Nursing Career Spotlight: Donna Roberts Potter, RN
Donna Roberts Potter, RN
Nurses connected to the Registered Nurses' Association of Ontario (RNAO) share insights, knowledge and expertise about career opportunities, growth and development. Today we hear from Donna Roberts Potter.
I graduated in 1991 with my Bachelors in Nursing. My career path started out initially working as a bedside surgical nurse in a Toronto hospital. I then went into the community as a home care nurse; went to the Community Care Access Centre as a Case Manager and later transferred back to the hospital as a CCAC hospital case manager. From there, I relocated from Toronto to Northwestern Ontario accepting a position working with a First Nation owned and operated organization as an eHealth Nursing Coordinator. I went back to school and graduated with my Masters in Nursing (Generalist Stream) in 2015 and accepted a position as the Director of Nursing within the same First Nation organization. We researched, planned, wrote policies, worked with Health Canada and assisted with the first nursing devolution of one of our First Nation's nursing station's. We currently operate, support, supervise and manage the primary health care team in this First Nation.
What stage of your nursing career are you in?
Which chapter do you belong to?
Sioux Lookout Chapter.
What made you decide to choose nursing as a career path?
As a child I was in a terrible car accident at the age of five; during recuperation, I was in the hospital and in the middle of the night, I woke up crying for my mother. The nurse I felt was not supportive and wouldn't call my mother. I was left feeling alone and isolated. I remember thinking, when I grow up I am going to become a nurse and be supportive. My mother also had a great influence in my life. She always wanted to become a nurse and wasn't able to fulfil her dream due to life challenges.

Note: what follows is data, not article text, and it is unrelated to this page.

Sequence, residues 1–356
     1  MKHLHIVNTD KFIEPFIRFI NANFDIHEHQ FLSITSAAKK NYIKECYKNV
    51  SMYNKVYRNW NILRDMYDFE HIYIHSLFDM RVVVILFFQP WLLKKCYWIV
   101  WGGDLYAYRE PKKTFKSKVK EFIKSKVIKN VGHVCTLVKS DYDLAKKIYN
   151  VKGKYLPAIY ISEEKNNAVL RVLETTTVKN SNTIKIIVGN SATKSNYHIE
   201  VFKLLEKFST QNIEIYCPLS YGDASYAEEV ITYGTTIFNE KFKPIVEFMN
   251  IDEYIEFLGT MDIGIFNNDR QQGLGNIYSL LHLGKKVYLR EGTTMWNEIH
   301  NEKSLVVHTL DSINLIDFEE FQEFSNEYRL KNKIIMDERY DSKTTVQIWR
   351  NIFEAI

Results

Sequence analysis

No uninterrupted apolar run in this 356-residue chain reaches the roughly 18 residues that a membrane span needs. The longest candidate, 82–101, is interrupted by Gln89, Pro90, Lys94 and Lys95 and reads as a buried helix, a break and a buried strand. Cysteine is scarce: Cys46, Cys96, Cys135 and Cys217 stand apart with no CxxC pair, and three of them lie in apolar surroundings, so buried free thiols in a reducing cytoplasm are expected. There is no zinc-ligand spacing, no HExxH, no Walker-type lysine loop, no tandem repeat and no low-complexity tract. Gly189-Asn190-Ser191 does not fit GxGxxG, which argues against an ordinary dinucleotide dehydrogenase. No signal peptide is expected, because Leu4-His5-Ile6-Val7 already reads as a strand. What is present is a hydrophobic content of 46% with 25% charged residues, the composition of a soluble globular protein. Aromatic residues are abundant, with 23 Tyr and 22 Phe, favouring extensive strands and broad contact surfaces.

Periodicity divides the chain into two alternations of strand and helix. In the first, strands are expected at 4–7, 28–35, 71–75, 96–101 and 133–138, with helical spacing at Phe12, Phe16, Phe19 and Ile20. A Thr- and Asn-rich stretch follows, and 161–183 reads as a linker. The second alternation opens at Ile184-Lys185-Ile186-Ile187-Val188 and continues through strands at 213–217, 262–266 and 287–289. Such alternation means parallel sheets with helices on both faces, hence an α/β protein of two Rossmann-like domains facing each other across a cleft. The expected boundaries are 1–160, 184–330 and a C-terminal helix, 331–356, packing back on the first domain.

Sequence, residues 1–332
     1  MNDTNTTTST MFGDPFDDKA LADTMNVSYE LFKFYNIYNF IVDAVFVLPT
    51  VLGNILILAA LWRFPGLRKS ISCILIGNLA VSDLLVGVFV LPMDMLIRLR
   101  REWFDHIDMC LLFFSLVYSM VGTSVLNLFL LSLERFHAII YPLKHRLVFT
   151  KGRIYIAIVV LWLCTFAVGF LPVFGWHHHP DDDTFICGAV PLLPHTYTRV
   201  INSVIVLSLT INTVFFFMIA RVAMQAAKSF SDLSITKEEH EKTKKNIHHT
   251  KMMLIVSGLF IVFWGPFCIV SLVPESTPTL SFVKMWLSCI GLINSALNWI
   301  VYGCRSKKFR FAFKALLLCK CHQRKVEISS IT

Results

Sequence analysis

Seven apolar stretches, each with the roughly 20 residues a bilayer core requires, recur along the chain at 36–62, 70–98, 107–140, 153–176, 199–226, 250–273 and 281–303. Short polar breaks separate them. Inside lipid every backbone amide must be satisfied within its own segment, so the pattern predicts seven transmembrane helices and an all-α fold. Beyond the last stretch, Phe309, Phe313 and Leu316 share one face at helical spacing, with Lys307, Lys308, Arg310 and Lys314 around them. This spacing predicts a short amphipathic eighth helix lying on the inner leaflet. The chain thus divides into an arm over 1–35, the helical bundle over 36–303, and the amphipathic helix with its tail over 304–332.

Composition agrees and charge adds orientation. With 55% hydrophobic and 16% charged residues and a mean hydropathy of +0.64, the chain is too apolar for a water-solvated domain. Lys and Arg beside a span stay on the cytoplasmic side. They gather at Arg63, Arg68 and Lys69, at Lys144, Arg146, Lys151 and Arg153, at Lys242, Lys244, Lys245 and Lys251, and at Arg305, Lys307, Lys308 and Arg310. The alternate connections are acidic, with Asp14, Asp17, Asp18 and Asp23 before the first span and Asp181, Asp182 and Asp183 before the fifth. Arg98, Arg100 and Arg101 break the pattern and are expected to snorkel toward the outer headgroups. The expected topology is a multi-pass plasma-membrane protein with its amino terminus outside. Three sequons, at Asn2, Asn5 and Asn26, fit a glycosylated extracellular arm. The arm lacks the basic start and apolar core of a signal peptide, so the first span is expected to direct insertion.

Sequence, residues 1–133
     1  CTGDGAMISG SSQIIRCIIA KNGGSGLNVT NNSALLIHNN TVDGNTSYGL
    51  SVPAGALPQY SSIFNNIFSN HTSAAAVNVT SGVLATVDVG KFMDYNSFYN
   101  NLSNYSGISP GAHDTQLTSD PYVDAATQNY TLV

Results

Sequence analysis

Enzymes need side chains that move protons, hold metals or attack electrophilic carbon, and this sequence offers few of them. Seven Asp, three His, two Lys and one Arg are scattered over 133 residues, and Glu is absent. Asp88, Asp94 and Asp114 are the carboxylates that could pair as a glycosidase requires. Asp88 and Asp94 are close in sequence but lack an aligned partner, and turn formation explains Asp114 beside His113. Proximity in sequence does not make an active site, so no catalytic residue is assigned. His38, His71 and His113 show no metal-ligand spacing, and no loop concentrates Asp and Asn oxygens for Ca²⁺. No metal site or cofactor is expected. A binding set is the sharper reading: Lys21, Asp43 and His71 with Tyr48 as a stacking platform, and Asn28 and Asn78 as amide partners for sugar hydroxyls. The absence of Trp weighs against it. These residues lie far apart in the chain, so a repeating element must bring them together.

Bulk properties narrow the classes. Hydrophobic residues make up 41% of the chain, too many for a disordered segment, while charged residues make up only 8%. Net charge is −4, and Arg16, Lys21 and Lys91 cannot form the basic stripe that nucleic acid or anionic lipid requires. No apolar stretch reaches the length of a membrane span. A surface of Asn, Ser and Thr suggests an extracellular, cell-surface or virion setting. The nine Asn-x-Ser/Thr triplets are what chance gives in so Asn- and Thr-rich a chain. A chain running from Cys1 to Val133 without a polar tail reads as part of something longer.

What made you choose your specialty in nursing?
I chose to work with First Nations nursing because I feel given my background (Inuit), I would like to assist in any way possible to empower First Nations to manage their health care. Working with First Nations in Canada gets me to see first hand the trials and struggles that exist in our own back yard. Issues that are real include emancipation, vulnerable population groups, disparities including social determinants of health and so forth.
What has been the highlight of your career so far?
The highlight in my career so far has been my current career as Director of Nursing for a First Nation owned and operated organization. There are successes and challenges that I see daily. The days go by so fast and working in partnerships with other key stakeholders has helped with the success of nursing devolution.
What membership benefit(s) offered by RNAO have you used (e.g., PLP, LAP, uniform discount, etc.)? How did you find them to be beneficial?
I feel that becoming a member of RNAO has been great for my career path. Specially, I enjoy the PLP benefits as we require liability insurance in the area in which I work.
What advice would you offer a new nurse just beginning their career?
Advice for new nurses: follow your dreams, keep learning. Develop a life work balance. Get involved in projects and push yourself out of your comfort zone. Don't coast in your career but keep taking courses, learning new things and expand your knowledge, your practice and those soft personality skills. You have to work with many different personalities, many different health care professionals and developing leadership skills and ways of working with others goes a long way.